Friday, May 3, 2024

Lavinia Fontana, Leading Artist, 1600 ad --- Day 13/121

Walk: AMC Kabuki (The Fall Guy)

Distance: 2 miles

Lavinia Fontana (Italy, 1552-1614) , Portrait of Bianca degli Utili Maselli and Her Children, ca. 1604-5. Oil on canvas, 39 x 53 1/4 in. (99.06 x 135.255 cm)

So, the Decorator Showcase designers (see previous CIWT) will likely cast admiring eyes at the Legion of Honor's newly acquired painting by Renaissance artist Lavinia Fontana.  Look at those sumptuous fabrics, the haute couture fitting of each family member's outfit, the lengthly strand of enormous matching pearls.

If you can make them out, that is.  The painting is remarkably preserved having been in one family for over four hundred years, so the overall dark tones are not due to accumulated dirt and grime.  Instead the reddish brown ground layer was likely achieved by the artist's decision to grind and reuse broken clay bricks for her colors. In fact, the trend of using darker colored grounds was only just taking hold in Bologna where the multiple portrait was painted and indicates Fontana was up to date with the newest technical developments in her field.

Up to date is the least of it.  Livinia Fontana, an unusual woman in unusual circumstances, was far ahead of her time in many regards.  First, of course, in her natural talent, which was honed by her father who was a recognized artist in his own right. Second by the good fortune of being born in Bologna at a time when elite women had greater opportunities to participate in public life and women artists had more chance at acceptance.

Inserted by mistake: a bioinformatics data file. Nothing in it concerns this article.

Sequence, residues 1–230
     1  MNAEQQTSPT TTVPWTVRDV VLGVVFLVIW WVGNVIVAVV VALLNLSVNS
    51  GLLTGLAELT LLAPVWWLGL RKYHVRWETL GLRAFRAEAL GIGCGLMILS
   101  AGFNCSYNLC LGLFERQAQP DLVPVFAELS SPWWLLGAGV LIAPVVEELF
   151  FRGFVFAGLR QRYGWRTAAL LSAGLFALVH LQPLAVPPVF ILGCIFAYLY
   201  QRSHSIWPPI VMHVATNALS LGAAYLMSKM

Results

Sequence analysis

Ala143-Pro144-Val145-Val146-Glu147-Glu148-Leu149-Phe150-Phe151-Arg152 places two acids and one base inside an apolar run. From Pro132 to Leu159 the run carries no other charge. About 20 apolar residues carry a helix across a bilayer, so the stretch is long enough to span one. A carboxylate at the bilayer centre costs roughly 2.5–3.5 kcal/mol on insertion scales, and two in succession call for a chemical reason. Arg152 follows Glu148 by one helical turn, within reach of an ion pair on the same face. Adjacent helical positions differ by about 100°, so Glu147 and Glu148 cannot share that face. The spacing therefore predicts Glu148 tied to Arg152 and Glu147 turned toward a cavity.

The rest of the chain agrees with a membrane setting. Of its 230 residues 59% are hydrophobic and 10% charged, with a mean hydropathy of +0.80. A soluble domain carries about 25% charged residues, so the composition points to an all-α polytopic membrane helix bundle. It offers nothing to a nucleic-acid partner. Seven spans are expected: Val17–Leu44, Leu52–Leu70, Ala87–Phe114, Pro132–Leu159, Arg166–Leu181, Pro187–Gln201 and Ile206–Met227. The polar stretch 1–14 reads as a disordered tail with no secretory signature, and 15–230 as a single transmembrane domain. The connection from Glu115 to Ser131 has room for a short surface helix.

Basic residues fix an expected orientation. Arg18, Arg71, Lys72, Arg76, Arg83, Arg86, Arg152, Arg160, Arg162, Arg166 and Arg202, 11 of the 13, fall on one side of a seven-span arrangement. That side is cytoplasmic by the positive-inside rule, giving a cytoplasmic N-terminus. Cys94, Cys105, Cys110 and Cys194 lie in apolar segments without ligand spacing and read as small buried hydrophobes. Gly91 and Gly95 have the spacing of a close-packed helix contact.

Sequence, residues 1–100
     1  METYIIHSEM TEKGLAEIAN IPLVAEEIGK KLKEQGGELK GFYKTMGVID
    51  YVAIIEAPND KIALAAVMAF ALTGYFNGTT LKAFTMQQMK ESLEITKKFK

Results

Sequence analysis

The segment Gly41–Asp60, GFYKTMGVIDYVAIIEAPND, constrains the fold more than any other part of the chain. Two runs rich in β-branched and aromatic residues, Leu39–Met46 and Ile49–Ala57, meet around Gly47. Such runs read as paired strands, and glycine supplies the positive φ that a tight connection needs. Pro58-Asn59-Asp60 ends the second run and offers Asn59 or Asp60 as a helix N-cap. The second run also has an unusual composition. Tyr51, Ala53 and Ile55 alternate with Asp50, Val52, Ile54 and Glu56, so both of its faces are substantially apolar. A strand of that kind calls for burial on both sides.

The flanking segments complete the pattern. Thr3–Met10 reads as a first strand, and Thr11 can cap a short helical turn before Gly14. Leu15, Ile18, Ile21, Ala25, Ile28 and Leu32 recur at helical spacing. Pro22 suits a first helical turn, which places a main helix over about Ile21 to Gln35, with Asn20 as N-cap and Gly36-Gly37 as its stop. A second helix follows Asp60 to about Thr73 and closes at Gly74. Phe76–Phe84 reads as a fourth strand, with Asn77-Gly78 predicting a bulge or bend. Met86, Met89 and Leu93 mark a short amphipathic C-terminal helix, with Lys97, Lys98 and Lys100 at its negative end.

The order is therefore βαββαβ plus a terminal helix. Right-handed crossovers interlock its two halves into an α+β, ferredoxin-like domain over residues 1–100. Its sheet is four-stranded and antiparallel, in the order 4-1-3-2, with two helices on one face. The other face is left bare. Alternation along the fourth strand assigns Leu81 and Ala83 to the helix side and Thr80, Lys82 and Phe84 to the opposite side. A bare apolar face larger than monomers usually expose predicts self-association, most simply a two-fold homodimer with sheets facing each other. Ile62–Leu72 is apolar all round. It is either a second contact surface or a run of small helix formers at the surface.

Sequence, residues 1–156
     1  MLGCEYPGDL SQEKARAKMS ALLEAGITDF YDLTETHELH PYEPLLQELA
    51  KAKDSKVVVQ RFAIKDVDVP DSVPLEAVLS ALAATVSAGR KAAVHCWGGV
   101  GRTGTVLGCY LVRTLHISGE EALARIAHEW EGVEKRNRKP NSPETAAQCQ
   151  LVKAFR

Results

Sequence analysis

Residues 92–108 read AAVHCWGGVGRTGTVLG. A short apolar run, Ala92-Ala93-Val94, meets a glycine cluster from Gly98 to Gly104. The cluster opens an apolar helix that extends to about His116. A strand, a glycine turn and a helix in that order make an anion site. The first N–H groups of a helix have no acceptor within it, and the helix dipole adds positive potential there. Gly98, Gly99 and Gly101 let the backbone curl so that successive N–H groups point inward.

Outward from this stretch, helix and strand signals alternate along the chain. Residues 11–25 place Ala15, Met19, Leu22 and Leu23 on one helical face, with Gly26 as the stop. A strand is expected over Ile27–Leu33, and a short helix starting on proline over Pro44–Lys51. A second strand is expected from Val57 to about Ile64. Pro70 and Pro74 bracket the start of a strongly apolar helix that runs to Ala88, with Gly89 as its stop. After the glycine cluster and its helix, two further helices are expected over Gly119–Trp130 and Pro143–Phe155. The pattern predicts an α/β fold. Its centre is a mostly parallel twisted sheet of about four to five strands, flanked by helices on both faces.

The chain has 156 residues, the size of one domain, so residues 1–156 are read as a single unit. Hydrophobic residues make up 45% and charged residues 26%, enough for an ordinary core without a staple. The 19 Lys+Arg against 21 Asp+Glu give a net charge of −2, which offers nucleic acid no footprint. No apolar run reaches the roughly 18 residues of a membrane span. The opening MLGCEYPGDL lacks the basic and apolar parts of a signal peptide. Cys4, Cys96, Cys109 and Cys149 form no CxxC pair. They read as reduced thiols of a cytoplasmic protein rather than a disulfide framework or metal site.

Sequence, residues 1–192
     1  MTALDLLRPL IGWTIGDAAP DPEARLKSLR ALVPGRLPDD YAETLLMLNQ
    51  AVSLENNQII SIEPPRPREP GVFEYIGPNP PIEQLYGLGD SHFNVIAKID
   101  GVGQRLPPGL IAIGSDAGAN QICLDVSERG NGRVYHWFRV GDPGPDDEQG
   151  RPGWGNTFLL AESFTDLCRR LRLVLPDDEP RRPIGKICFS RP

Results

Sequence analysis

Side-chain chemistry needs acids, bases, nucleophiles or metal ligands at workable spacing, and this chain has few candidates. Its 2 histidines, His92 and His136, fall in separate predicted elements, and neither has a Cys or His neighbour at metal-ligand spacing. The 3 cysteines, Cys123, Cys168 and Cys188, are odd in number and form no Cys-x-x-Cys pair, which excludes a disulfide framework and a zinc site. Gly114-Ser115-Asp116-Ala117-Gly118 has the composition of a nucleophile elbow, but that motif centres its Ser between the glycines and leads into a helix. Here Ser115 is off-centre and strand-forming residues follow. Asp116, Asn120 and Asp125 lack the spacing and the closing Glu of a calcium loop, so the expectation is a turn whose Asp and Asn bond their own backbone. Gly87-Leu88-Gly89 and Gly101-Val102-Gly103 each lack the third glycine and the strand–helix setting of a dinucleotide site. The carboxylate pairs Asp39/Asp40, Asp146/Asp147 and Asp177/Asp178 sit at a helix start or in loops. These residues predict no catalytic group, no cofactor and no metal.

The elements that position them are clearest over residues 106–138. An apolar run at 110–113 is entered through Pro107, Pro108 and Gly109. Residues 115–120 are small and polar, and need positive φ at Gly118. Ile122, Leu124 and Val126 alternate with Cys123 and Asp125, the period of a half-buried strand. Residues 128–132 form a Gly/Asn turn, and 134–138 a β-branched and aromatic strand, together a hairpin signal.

The rest was up to Fontana's strong vision for fashioning her own life and career - eventually establishing herself as the first female career artist in Western Europe. Instead of offering a traditional dowry at her wedding, Fontana offered her ability to paint - and this was accepted.  She earned commissions for her income; her family relied on her career as a painter; her father retired and became her painting assistant; her husband, Gian Paolo Zappi, gave up his own career, raised their 11 children, managed her studio  and served as her agent.  That last, was of paramount importance because, even in the comparatively liberal city of Bologna, she would have needed a man to engage in business negotiations on her behalf.

While Bolognese society at large was supportive of Fontana's artistic career it was the newly empowered uppper class women who became Fontana's initial core clientele. With their patronage and increasingly important commissions, by the end of the 1550's, she was the uncontested portraitist of Bolognese noblewomen. 

And as her fame grew within and beyond Italy, Fontana had vision, ambition and courage to move her studio and family to Rome. There too, in that competitive, cosmopolitan, male city, she thrived as she had in Bologna. Even Pope Paul V himself was one of her sitters.  Over her thirty plus year career, Lavinia Fontana became the recipient of numerous honors and is today regarded as the first highly successful woman artist, working within the same sphere as her male counterparts, outside a court or convent. And San Francisco's Fine Arts Museums and its visitors are fortunate to now have this work by such an enterprising, talented and successful woman artist in its collection and on view.

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